f. How to be a part of your baby's care in the NICU

Many parents are uncertain about what to do and how involved they can be in their baby’s care in the NICU. Here are some ways you can be a part of your baby’s care.

Ask a lot of questions.  It’s good to ask questions. Ask your baby’s health care provider questions about anything you don’t understand. You want to learn as much as you can before you take your baby home. Write up your list of questions so that you have them nearby when the provider visits your baby or when you call the NICU for an update.

Here are some sample care questions:

  • Can I hold my baby?
  • What can I do to help take care of my baby?
  • When do you think my baby will go home?
  • What do I need to learn about my baby before we go home? 

Here are some sample medical questions:

  • How is my baby doing today?
  • Has anything changed?
  • How will this medicine help my baby?
  • How will using this medical equipment help my baby?
  • What tests are you doing, and what information will they give you?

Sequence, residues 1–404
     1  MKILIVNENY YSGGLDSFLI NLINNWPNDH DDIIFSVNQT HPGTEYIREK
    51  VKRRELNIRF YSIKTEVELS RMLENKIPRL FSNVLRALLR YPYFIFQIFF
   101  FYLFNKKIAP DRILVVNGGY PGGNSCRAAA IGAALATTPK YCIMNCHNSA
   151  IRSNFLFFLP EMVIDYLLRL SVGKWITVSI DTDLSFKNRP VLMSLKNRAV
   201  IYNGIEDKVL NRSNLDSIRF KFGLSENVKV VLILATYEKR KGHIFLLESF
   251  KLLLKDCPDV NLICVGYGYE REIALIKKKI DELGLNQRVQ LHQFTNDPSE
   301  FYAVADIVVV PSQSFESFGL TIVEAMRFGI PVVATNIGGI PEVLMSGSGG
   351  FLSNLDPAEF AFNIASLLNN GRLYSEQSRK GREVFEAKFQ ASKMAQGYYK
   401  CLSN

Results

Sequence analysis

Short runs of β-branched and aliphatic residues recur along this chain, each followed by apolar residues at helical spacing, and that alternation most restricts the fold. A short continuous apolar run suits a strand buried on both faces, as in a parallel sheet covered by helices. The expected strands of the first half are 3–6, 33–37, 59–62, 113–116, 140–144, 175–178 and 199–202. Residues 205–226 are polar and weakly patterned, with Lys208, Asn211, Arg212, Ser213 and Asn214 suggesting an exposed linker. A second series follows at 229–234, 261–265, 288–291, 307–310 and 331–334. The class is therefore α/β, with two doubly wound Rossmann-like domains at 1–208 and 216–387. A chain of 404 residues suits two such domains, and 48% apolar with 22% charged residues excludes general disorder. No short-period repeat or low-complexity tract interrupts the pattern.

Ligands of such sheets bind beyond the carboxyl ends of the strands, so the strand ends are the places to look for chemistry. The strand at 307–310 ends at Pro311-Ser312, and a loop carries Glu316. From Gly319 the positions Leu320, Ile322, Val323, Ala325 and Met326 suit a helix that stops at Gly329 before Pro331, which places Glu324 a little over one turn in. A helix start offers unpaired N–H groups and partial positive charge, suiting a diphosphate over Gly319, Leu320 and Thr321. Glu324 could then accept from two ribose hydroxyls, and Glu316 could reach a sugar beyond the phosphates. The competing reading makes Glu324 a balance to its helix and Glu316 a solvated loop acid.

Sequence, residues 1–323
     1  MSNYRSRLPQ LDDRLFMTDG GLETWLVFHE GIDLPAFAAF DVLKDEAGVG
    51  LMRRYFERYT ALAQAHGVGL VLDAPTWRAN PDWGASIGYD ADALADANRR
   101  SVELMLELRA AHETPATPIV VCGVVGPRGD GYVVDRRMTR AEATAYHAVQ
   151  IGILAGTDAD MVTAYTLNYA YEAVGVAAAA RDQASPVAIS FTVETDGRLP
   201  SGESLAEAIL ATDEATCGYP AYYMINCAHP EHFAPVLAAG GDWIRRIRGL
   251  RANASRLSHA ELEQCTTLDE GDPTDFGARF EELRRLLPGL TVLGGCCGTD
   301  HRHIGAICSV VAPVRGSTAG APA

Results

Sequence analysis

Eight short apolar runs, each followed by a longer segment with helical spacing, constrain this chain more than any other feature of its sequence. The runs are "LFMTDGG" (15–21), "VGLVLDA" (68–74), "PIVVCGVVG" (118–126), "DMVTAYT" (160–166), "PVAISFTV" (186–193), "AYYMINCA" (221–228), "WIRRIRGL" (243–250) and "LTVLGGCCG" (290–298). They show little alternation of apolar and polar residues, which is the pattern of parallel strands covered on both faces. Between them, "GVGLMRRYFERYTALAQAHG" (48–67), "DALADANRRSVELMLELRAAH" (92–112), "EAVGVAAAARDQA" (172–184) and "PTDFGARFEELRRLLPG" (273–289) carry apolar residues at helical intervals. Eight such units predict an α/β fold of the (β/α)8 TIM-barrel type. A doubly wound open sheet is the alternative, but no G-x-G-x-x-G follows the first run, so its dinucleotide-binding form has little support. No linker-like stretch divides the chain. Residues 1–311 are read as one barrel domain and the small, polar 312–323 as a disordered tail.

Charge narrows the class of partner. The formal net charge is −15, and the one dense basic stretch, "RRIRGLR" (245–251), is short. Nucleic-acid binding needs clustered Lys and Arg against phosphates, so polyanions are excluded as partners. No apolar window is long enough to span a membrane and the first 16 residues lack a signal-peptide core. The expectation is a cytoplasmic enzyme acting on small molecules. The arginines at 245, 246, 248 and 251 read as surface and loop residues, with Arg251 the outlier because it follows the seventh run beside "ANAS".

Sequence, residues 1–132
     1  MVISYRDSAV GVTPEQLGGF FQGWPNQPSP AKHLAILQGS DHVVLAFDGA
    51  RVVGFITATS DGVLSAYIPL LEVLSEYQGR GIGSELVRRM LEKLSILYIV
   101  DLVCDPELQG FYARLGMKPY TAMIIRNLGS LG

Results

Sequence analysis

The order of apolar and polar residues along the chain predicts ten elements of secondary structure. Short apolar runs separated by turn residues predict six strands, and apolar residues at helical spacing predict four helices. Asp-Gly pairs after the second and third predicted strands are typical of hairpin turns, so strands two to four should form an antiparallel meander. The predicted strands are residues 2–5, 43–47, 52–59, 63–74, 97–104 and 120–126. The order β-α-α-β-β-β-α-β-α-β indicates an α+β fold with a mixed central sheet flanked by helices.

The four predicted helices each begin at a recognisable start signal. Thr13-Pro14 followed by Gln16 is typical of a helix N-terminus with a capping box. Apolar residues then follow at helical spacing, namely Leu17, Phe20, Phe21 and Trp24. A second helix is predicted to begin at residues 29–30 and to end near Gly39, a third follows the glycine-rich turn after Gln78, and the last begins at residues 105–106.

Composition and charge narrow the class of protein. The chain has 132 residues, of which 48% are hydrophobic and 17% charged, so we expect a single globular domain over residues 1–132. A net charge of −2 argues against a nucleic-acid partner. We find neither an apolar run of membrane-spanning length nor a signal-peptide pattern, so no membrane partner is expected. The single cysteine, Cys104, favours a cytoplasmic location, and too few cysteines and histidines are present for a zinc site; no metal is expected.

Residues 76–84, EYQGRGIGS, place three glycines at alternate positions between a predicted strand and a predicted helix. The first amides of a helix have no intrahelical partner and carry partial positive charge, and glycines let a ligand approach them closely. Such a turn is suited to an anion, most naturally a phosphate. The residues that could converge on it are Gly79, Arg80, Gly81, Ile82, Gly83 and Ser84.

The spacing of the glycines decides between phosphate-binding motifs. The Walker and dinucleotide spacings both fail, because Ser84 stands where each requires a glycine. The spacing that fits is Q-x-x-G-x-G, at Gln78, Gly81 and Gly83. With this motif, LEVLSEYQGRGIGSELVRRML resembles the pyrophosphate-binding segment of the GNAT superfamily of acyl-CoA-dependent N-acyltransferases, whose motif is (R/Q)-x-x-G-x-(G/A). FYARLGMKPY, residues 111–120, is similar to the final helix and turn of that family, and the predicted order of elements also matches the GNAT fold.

• Who is in charge of my baby’s medical care?
  • Who should I talk to or call if I have questions about my baby’s condition?
  • How will I find out about any major change in my baby’s condition?
  • What caused this condition? 

Be an active member of your baby’s medical team. From the start, make it your goal to have a good working relationship with the NICU staff. Ask questions, let them know your concerns and take part in the decision-making process about your baby’s care. 

There are many ways you can be involved in the care of your newborn during his stay in the NICU. You can ask to help change your baby’s clothes or diaper, take his temperature and help the nurse weigh him.

Start a file of health information about your baby. Keep information about your baby’s health, providers, appointments, medicines and medical equipment together in one place. Be sure to bring this folder with you when you see your pediatrician.

Be your child’s advocate. This means speaking up for your child. If you see something that makes you uncomfortable, say so. Ask about a procedure, type of machine or medicine that you don’t know about. Your baby needs you to be her voice when she can’t speak for herself. 

Get support. Ask for help from nurses and other NICU staff. They can help you hold, feed and burp your baby. Talk to a lactation consultant for help with breastfeeding or providing breast milk in the hospital and at home. Also, find out about other resources that can help you care for your baby at home.

Bond with your baby. Two of the most important ways you can bond with your baby in the NICU are feeding her and doing skin-to-skin care.